December 29, 2010 at 8:50 pm

      Well, the vendor bills the program every time they make a change to these documents. So, THEY see great value in it. And yes, I recommend a short pay on their invoice every time they try to bill to fix their previous mistakes. 🙂

  2. Laura Bamberg
    December 29, 2010 at 8:51 pm

    Hi Derek – you’re right – the chart is only as good as the data driving it. And also, with a huge project (meaning LOTS of tasks) there isn’t a way to print or create a Gantt that’s easy to understand. Of course, we love Gantts here!!! But we understand there are other report outputs that work better in certain situations, such as a large project with several hundred/thousand tasks. (our SPA provides lots of reporting options). Mostly, just wanted to say kudos on a good post. I noticed you mentioned the schedule hadn’t been updated in two weeks, either. Not just that a current one hadn’t been distributed to stakeholders, but that it hadn’t been made current at all. Hmm. How did you handle that one?

    • Anonymous
      December 30, 2010 at 12:06 am

      Sorry if I came off a little extreme. You could probably pick up my frustrations when I wrote the post. I don’t want to totally pan the Gantt nor totally eliminate a tool from my toolbox. I know a few C-Levels who LOVE Gantt charts. But, it’s all about knowing what your customer sees value in. My customer likes up-to-date statuses. The impression I got was the fellow running the meeting is at least 2 people removed from updating this schedule AND getting an updated Gantt chart. If they empowered him to update the progress of the activities, perhaps this wouldn’t be so bad. But, I can guarantee that is not going to happen.

      The reasoning behind the schedule not being updated was the guy or gal who updates the schedule went on holiday break and the most recent schedule was dated 2 weeks ago. Several activities have since been completed. I would have been ok if the vendor “spoke” to the activities right away. “This is what we completed since this schedule was last updated”. Instead, we questioned them and they then tried to explain. A lot of this is just poor stakeholder management. They should be ready to run an efficient meeting. They were not. Let’s see how things go next time. Thank you so much for the comment!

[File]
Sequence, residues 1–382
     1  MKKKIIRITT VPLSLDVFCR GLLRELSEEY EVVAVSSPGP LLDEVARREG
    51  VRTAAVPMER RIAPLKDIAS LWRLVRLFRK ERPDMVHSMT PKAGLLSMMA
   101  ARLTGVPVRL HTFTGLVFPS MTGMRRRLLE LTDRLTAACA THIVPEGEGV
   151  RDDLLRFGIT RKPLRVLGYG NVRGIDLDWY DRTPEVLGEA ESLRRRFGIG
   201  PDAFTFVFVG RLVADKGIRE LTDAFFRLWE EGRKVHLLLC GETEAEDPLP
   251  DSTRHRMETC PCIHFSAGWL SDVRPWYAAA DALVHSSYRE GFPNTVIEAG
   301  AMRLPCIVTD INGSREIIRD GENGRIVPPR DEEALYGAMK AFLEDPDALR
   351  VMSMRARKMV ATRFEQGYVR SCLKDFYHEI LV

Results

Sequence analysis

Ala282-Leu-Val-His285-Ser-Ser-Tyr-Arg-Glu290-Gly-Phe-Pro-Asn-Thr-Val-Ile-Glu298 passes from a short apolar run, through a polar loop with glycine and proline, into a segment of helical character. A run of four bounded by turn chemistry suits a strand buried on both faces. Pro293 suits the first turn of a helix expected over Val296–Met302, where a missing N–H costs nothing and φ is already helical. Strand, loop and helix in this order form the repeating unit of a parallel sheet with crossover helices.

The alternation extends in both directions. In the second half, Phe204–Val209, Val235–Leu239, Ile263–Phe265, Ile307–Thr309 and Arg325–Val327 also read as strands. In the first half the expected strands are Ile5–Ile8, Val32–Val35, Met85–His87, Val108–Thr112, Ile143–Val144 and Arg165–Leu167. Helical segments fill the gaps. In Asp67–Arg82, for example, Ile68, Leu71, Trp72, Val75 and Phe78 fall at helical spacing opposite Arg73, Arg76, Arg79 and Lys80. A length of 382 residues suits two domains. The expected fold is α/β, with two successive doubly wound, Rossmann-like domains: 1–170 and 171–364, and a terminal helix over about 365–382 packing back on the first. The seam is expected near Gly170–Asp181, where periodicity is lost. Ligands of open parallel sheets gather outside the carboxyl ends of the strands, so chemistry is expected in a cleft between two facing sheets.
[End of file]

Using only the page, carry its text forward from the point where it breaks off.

3. January 2, 2011 at 11:49 pm

    You managed to create a post without mentioning zombies even once – we’re proud of you, Derek!

    Also, I agree – a Gantt chart that can’t be collapsed to provide a big picture or focused to show the current state is a worthless communication tool, whatever else it might be good for. Of course, if all you want to do is buffalo a client, I suppose 5,954 lines would do a great job.

    • Anonymous
      January 3, 2011 at 2:19 am

      Dave, those Zombiholics Anonymous (ZA) meetings must be working. I’m getting better, I think.

      In the end, it’s up to the client to demand something meaningful. I can just make my recommendations. I swear I am not a big nay-sayer. But based on the costs I see associated with so many meetings and reports, I want the customer to get something of worth for their money. Generating a canned milestone report should only take a few minutes. We could have reviewed a 10 line milestone report in 1/3 the time it took us to fish for deliverables in the Gantt they delivered. Instead, I drank half a pot of the vendor’s coffee and ate half of their cookies.

      I hope we don’t get billed for that as well.

  4. January 7, 2011 at 1:13 pm

    Great post Derek! Probably one of the best on why detailed integrated master schedules and Gantts are lousy ways to update folks on status, regardless of whether you are following a waterfall or Agile set of processes.

    Cheers!
    Paul

    • Anonymous
      January 7, 2011 at 3:15 pm

      Thanks, Paul!